The City of Greater Geelong has released a draft 20-year master plan for the Sparrovale Wetlands, a new world class 500-hectare nature reserve being created near Armstrong Creek. The mix of natural and constructed wetlands will be home to a vast range of plant and animal life, protecting and increasing the region’s biodiversity and serving as a major drawcard for locals and visitors.
The community is invited to have its say on the draft master plan for the next eight weeks. We recommend that you read the master plan, including the three implementation plans, before providing your comments.
Capturing the social history that led to the creation of the world-first system of marine national parks and sanctuaries in Victoria.
In our Marine National Park podcast serieswe capture the social history that led to the creation of Marine National Parks and Sanctuaries in Victoria. Over six episodes you will hear:from people who were directly involved in the campaign and in the creation of these protected areas: from Gunditj Mirring Traditional Owners Aboriginal Corporation about Sea Country, plus a range of perspectives on Marine National Parks and Sanctuaries and Port Phillip Bay, including from local community groups, marine managers, scientists, marine advocates and educators.
Some things to do while you are social distancing:
go for a solitary walk in one of the quieter areas of the Barwon Estuary. Take the time to watch the birds or look at the variety of plants.
participate in a nation-wide community art project to highlight our biodiversity crisis. The aim is to draw every one of 1,800 flora and fauna on the national threatened species list. Details about the process and the event can be found at https://thelifesustainable.com.au/tiny-art-for-nature/
get to know your camera (including on ipad or phone) and all that it can do. Use the time to wander about and experiment.
read one of the books about our local Ramsar area – e.g. Harry Saddler’s The Eastern Curlew, Garry Linnell’s Buckley’s Chance, Andrew Darby’s Flight Lines, etc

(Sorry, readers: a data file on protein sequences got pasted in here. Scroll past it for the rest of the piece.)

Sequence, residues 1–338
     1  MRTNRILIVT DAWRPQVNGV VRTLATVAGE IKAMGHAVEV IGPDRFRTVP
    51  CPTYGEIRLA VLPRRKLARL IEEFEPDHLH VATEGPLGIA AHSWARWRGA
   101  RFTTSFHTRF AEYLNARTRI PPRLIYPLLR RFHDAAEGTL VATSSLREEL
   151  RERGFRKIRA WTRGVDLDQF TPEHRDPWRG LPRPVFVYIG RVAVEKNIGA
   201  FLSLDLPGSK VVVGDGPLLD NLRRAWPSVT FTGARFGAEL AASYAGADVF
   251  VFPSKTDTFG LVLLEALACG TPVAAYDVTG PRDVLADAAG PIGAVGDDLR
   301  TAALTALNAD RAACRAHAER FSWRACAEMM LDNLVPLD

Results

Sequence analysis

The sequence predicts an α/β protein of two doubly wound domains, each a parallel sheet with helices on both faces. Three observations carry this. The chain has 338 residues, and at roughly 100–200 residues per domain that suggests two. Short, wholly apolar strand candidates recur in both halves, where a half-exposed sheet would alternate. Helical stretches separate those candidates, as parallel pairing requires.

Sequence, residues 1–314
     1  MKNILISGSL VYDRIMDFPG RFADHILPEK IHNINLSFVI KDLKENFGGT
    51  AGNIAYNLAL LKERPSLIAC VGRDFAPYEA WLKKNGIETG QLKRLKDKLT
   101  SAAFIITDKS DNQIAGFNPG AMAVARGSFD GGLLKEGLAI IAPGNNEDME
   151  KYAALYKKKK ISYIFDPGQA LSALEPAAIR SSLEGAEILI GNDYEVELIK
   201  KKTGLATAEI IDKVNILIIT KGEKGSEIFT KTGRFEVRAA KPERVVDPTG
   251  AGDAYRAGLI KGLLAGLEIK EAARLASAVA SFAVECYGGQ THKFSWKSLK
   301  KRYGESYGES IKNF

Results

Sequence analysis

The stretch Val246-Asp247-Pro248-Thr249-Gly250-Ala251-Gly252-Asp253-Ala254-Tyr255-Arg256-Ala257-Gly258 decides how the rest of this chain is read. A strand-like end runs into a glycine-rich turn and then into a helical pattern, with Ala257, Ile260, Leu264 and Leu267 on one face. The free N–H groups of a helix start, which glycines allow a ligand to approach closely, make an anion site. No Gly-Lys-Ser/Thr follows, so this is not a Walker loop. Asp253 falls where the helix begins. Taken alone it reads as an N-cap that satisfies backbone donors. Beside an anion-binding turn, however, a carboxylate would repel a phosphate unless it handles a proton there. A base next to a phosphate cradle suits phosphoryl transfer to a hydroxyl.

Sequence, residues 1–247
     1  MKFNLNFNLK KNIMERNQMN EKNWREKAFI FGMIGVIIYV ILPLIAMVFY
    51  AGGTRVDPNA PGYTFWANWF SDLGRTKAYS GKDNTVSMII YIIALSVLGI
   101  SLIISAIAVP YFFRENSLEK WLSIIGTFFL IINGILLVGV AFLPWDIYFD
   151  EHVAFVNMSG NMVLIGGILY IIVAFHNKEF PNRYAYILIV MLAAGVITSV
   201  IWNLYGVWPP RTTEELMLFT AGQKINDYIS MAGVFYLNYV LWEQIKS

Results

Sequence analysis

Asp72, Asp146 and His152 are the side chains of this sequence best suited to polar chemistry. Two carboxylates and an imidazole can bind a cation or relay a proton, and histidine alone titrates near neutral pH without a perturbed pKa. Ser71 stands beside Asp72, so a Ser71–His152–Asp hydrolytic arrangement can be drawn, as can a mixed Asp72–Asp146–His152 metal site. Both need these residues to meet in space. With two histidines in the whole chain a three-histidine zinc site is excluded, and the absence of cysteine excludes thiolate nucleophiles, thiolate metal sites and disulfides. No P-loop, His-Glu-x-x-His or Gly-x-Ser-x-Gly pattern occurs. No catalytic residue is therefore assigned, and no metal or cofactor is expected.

do a free short course. Edx or Coursera, for example, offer a wide range of verified courses from Natural History Drawing to the Study of Pandemics.
build a model of the Barwon Estuary, or your own favourite wetland.
visit the Bellarine Catchment Network Facebook page to find out about a bunch of Science Citizen projects (e.g. counting seals, classifying animals) that need your help.
go to a local nursery (some are still open) and buy up on vegetable seedlings and indigenous plants. Investigate the many uses of edible indigenous plants.
Whatever you do to keep occupied, we hope that you stay healthy. We look forward to spending time with you in the future.
Discover the treasure on our doorstep at this event for all! Learn about our local Ramsar wetlands from experts in the field and get out and about on a short bus trip to Taits Point, a local wetland. Try and find some birds yourself and discover why wetlands are so unique!
The day will be opened by a Wadawurrung Smoking Ceremony and keep kids engaged in the Kids Corner with educational craft activities.
𝙎𝙥𝙚𝙖𝙠𝙚𝙧𝙨 𝙞𝙣𝙘𝙡𝙪𝙙𝙚: 𝗣𝗿𝗼𝗳 𝗣𝗮𝘂𝗹 – Boon University of Melbourne 𝗧𝗶𝗱𝗮 𝗡𝗼𝘂 – Threatened Species Recovery Hub 𝗠𝗶𝗰𝗵𝗮𝗲𝗹 𝗖𝗼𝗼𝗸 – Wadawurrung Traditional Owner 𝗖𝗿𝗮𝗶𝗴 𝗠𝗼𝗿𝗹𝗲𝘆 – Orange-bellied Parrot National Recovery Team
𝗙𝗼𝗿 𝗺𝗼𝗿𝗲 𝗶𝗻𝗳𝗼𝗿𝗺𝗮𝘁𝗶𝗼𝗻, 𝗰𝗼𝗻𝘁𝗮𝗰𝘁: Murray Johns at email@example.com or 0455 500 542. Please wear appropriate outdoor clothing, sturdy footwear and BYO binoculars, a hat and water.